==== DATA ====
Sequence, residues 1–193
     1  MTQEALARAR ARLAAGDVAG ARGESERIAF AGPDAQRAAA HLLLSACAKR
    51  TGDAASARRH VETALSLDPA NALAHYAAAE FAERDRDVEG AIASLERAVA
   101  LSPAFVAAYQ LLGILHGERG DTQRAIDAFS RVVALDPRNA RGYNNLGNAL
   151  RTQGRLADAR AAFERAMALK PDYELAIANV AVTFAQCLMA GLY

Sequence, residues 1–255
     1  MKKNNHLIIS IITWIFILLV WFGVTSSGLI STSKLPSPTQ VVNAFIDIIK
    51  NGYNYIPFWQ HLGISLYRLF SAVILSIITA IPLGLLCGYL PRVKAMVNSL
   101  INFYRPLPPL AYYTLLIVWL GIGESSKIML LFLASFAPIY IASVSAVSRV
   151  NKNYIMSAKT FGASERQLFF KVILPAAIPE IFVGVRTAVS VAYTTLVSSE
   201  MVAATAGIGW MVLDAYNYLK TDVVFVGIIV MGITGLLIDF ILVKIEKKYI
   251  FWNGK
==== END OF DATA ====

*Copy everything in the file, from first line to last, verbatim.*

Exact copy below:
Sequence, residues 1–193
     1  MTQEALARAR ARLAAGDVAG ARGESERIAF AGPDAQRAAA HLLLSACAKR
    51  TGDAASARRH VETALSLDPA NALAHYAAAE FAERDRDVEG AIASLERAVA
   101  LSPAFVAAYQ LLGILHGERG DTQRAIDAFS RVVALDPRNA RGYNNLGNAL
   151  RTQGRLADAR AAFERAMALK PDYELAIANV AVTFAQCLMA GLY

Sequence, residues 1–255
     1  MKKNNHLIIS IITWIFILLV WFGVTSSGLI STSKLPSPTQ VVNAFIDIIK
    51  NGYNYIPFWQ HLGISLYRLF SAVILSIITA IPLGLLCGYL PRVKAMVNSL
   101  INFYRPLPPL AYYTLLIVWL GIGESSKIML LFLASFAPIY IASVSAVSRV
   151  NKNYIMSAKT FGASERQLFF KVILPAAIPE IFVGVRTAVS VAYTTLVSSE
   201  MVAATAGIGW MVLDAYNYLK TDVVFVGIIV MGITGLLIDF ILVKIEKKYI
   251  FWNGK